Critics claim president continues to place ideology ahead of science by demanding one-third of funding go to abstinence education
President Bush called on Congress on Wednesday, May 30, to double funding toward fighting the global AIDS pandemic to $30 billion through the President’s Emergency Program for AIDS Relief (PEPFAR) for the first five years after he leaves office.
Joe Solmonese, president of the Human Rights Campaign, criticized the president’s program because it requires 33 percent of prevention funding to be designated for abstinence education.
“Twenty-six years after the first reported AIDS case in the U.S., HIV and AIDS continues to devastate communities both at home and abroad, and our nation’s leadership must harness all possible resources to confront the epidemic,” Solmonese said. “Though the PEPFAR program has provided life-saving treatment for millions of people with HIV/AIDS worldwide, we continue to have grave concerns over the misguided restrictions on prevention funding. Our nation’s experts agree that the abstinence earmark only exacerbates the challenges in providing effective and culturally appropriate prevention messages to stem the transmission of the epidemic. We urge congress to lift these restrictions based purely on ideology and instead fund proven science-based prevention strategies.”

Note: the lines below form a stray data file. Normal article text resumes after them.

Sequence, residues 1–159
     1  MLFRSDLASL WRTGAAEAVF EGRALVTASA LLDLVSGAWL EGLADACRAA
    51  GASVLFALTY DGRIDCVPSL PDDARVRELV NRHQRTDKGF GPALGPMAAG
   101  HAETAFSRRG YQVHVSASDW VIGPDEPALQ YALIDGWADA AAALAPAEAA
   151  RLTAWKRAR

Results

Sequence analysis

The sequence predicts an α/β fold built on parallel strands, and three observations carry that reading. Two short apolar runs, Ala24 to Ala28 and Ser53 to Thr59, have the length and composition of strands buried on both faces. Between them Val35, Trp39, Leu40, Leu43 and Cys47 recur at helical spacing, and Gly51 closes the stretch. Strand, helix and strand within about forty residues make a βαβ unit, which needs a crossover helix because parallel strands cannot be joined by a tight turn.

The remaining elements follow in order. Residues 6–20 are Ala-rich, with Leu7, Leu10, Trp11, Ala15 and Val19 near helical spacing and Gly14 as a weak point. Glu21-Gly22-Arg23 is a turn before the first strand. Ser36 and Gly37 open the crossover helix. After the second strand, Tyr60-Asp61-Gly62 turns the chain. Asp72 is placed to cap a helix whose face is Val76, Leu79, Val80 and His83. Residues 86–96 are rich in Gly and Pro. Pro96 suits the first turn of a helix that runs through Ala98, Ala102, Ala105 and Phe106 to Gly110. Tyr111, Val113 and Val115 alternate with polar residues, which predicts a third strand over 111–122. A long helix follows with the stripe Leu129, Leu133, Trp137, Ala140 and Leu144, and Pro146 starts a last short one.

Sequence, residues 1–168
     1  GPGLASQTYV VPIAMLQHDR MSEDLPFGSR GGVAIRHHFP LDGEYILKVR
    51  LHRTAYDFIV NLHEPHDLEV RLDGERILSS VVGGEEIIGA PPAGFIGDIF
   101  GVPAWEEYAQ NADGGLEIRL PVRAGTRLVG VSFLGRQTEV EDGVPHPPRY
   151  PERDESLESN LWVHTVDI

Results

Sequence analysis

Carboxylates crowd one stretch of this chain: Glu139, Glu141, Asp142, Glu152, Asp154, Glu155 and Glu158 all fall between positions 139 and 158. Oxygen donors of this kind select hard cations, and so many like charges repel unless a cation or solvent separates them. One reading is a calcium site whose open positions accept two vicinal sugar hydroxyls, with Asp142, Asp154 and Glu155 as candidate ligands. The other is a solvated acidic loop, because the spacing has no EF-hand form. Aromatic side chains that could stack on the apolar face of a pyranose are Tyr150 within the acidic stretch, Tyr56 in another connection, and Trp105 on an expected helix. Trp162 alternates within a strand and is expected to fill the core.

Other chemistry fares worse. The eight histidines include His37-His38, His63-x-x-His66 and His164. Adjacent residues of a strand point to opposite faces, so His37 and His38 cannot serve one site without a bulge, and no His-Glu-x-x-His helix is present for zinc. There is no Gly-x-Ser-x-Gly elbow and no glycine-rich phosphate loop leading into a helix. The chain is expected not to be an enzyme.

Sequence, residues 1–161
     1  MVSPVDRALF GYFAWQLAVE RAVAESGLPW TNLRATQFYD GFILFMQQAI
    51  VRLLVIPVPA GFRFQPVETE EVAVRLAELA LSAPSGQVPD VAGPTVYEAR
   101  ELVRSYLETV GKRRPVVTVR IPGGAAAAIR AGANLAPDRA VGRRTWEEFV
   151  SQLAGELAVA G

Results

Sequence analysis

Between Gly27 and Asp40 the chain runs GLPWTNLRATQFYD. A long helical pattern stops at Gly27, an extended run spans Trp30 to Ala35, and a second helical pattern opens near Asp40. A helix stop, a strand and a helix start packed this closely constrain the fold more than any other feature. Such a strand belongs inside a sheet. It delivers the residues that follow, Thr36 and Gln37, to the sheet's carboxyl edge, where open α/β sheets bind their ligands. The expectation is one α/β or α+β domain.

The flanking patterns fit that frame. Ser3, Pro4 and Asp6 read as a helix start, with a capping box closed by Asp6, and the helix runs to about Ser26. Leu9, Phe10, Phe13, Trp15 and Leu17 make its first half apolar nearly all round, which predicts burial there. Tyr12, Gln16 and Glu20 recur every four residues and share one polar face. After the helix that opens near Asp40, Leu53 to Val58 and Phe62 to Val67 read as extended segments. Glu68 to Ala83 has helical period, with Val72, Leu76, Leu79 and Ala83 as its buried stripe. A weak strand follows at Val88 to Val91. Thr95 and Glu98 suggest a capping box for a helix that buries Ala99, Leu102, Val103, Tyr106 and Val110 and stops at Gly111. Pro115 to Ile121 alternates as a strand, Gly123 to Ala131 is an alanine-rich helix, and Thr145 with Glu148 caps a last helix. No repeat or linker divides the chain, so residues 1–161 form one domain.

Current law requires one-third of prevention funding through PEPFAR exclusively teach abstinence until marriage.
A report from the General Accountability Office revealed that 17 of the 20 countries surveyed noted the abstinence earmark hindered their efforts to fight the epidemic. The report also indicated that the abstinence earmark had forced many of the countries to cut funding for prevention efforts to those most at risk, including programs designed to prevent transmission of HIV from mother to child.
The Institute of Medicine has also criticized the abstinence earmark and the program’s ban on funding needle exchange programs.
Representatives Barbara Lee, a Democrat from California, and Christopher Shays, a Republican from Connecticut, this year introduced the Protection Against Transmission of HIV for Women and Youth Act of 2007. It would eliminate the abstinence earmark in PEPFAR.
President Bush first announced his plans to create PEPFAR, a five-year, $15 billion plan to combat AIDS worldwide during his 2003 State of the Union Address. PEPFAR funds various HIV/AIDS programs that provide access to antiretroviral drugs, treatment and prevention in 15 focus countries in addition to other countries hit hard by the AIDS pandemic.
The program is set to expire on Sept. 30, 2008.
This article appeared in the Dallas Voice print edition, June 1, 2007.